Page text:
• 2. Nishant Chaturvedi et al Int. Journal of Engineering Research and Applications www.ijera.com ISSN : 2248-9622, Vol. 4, Issue 3( Version 2), March 2014, pp.24-31 www.ijera.com 25 | P a g e  Based on the historic records of the generating unit operation.  Based on the design data of the generating unit provided by manufacturer. In the Practical power systems, we can easily obtain the fuel statistic data and power output statistics data. Through analysing and computing data set (𝐹𝑘, 𝑃𝑘 ), we can determine the shape of the input- output characteristic and the corresponding parameters. A. System Constraints Generally there are two types of constraints [1]: 1. Equality constraints 2. Inequality constraints 1. Equality Constraints The equality constraints are the basic load flow equations of active and reactive power [1] 𝑃𝑖 − 𝑃𝐷 − 𝑃𝐿 𝑁 𝑖=1 = 0 2. Inequality Constraints Following are the inequality constraints: i. Generator Constraints The KVA loading of a generator can be represented as 𝑃2 + 𝑄2. The KVA loading should not exceed a pre-specified value to limit the temperature rise. The maximum active power generated ‗P‘ from a source is also limited by thermal consideration to keep the temperature rise within limits. The minimum power generated is limited by the flame instability of the boiler. If the power generated out of a generator falls below a pre- specified value𝑃 𝑚𝑖𝑛 , the unit is not put on the bus bar. 𝑃 𝑚𝑖𝑛 ≤ 𝑃 ≤ 𝑃𝑚𝑎𝑥 The maximum reactive power is limited by overheating of rotor and minimum reactive power is limited by the stability limit of machine. Hence the generator reactive powers Q should not be outside the range stated by inequality for its stable operation. 𝑄 𝑚𝑖𝑛 ≤ 𝑄 ≤ 𝑄 𝑚𝑎𝑥 ii. Voltage Constraints The voltage magnitudes and phase angles at various nodes should vary within certain limits. The normal operating angle of transmission should lie between 30 to 45 degrees for transient stability reasons. A higher operating angle reduces the stability during faults and lower limit of delta assures proper utilization of the available transmission capacity. iii. Running Spare Capacity Constraints These constraints are required to meet:  The forced outages of one or more alternators on the system &  The unexpected load on the system. The total generation should be such that in addition to meeting load demand and various losses a minimum spare capacity should be available i.e. 𝐺 ≥ 𝑃𝑝 + 𝑃𝑠𝑜 Where,𝐺 is the total generation and𝑃𝑠𝑜 is some pre- specified power. A well planned system has minimum𝑃𝑠𝑜 [1]. iv. Transmission Line Constraints The flow of active and reactive power through the transmission line circuit is limited by the thermal capability of the circuit and is expressed as. 𝐶𝑝 ≤ 𝐶𝑝𝑚𝑎𝑥 Where𝐶𝑝𝑚𝑎𝑥 is the maximum loading capacity of the𝑃 𝑡ℎ line [1]. v. Transformer tap settings If an auto-transformer is used, the minimum tap setting could be zero and maximum one, i.e. 0 ≤ 𝑡 ≤ 1.0 Similarly for a two winding transformer if tapping are provided on the secondary side, 0 ≤ t ≤ n where n is the ratio of transformation [1]. vi. Network security constraints If initially a system is operating satisfactorily and there is an outage, may be scheduled or forced one, it is natural that some of the constraints of the system will be violated. The complexity of these constraints (in terms of number of constraints) is enhanced when a large system is being analyzed. In this a study is to be made with outage of one branch at a time and then more than one branch at a time. The natures of the constraints are same as voltage and transmission line constraints [1]. B. Optimum Load Dispatch The optimum load dispatch problem involves the solution of two different problems. The first of these is the unit commitment or pre dispatch problem wherein it is required to select optimally out of the available generating sources to operate to meet the expected load and provide a specified margin of operating reserve over a specified period time. The second aspect of economic dispatch is the on line economic dispatch whereas it is required to distribute load among the generating units actually paralleled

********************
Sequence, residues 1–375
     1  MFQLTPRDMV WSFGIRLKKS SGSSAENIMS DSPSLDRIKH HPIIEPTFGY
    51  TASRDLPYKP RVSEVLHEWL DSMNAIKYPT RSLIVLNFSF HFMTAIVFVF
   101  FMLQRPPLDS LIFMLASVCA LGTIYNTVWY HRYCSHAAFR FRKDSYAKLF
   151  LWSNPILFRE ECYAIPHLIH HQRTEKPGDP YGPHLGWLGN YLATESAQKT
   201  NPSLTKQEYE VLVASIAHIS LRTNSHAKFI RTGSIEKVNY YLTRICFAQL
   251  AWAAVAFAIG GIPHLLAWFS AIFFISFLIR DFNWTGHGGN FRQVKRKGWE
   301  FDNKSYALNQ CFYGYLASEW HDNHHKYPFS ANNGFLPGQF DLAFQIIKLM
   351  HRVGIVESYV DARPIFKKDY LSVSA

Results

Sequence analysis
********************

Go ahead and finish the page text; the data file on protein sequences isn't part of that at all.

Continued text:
• 3. Nishant Chaturvedi et al Int. Journal of Engineering Research and Applications www.ijera.com ISSN : 2248-9622, Vol. 4, Issue 3( Version 2), March 2014, pp.24-31 www.ijera.com 26 | P a g e with the system in such manner as to minimize the total cost of supplying the minute to minute requirements of the system. The objective of this work is to find out the solution of nonlinear on line economic dispatch problem by using PSO algorithm. C. Cost Function The Let𝐶𝑖mean the cost, expressed for example in dollars per hour, of producing energy in the generator unit I. the total controllable system production cost therefore will be, 𝐶 = 𝐶(𝑖)𝑁 𝑖=1 INR/hr The generated real power𝑃𝐺𝑖 accounts for the major influence on𝐶𝑖. The individual real generation are raised by increasing the prime mover torques, and this requires an increased expenditure of fuel. The reactive generations𝑄 𝐺𝑖 do not have any measurable influence on𝐶𝑖because they are controlled by controlling by field current. The individual production cost𝐶𝑖of generators unit I is therefore for all practical purposes a function only of𝑃𝐺𝑖 , and for the overall controllable production cost, we thus have, 𝐶 = 𝐶(𝑖) 𝑃𝐺𝑖 𝑁 𝑖=1 When the cost function𝐶can be written as a sum of terms where each term depends only upon one independent variable. III. PROPOSED METHODOLOGY A. Genetic Algorithm GA handles a population of possible solutions. Each solution is represented through a chromosome, which is just an abstract representation. Coding all the possible solutions into a chromosome is the first part, but certainly not the most straightforward one of a Genetic Algorithm. A set of reproduction operators has to be determined, too. Reproduction operators are applied directly on the chromosomes, and are used to perform mutations and recombination over solutions of the problem [12]. Appropriate representation and reproduction operators are really something determinant, as the behaviour of the GA is extremely dependents on it. Frequently, it can be extremely difficult to find a representation, which respects the structure of the search space and reproduction operators, which are coherent and relevant according to the properties of the problems. Selection is supposed to be able to compare each individual in the population. Selection is done by using a fitness function. Each chromosome has an associated value corresponding to the fitness of the solution it represents. The fitness should correspond to an evaluation of how good the candidate solution is [13]. The optimal solution is the one, which maximizes the fitness function. Genetic Algorithms deal with the problems that maximize the fitness function. But, if the problem consists in minimizing a cost function, the adaptation is quite easy. Either the cost function can be transformed into a fitness function, for example by inverting it; or the selection can be adapted in such way that they consider individuals with low evaluation functions as better. Once the reproduction and the fitness function have been properly defined, a Genetic Algorithm is evolved according to the same basic structure. It starts by generating an initial population of chromosomes. This first population must offer a wide diversity of genetic materials. The gene pool should be as large as possible so that any solution of the search space can be engendered. Generally, the initial population is generated randomly [15].Then, the genetic algorithm loops over an iteration process to make the population evolve. Each iteration consists of the following steps: 1. Evaluation Initially many individual solutions are randomly generated to form an initial population. The population size depends on the nature of the problem, but typically contains several hundreds or thousands of possible solutions. Traditionally, the population is generated randomly, allowing the entire range of possible solutions. Occasionally, the solutions may be "seeded" in areas where optimal solutions are likely to be found. 2. Truncation Selection Truncation selection is a selection method used in genetic algorithms to select potential candidate solutions for recombination.In truncation selection the candidate solutions are ordered by fitness, and some proportionof the fittest individuals are selected and reproduced 1/p times. 3. Crossover Crossover is a genetic operator used to vary the programming of a chromosome or chromosomes from one generation to the next. Figure 1: Crossover Operation Parent 1 Feasible00 1 1 Parent 2 Feasible10 0 1 Child 1 Feasible00 0 1 Child2 In-feasible10 1 1 Crossover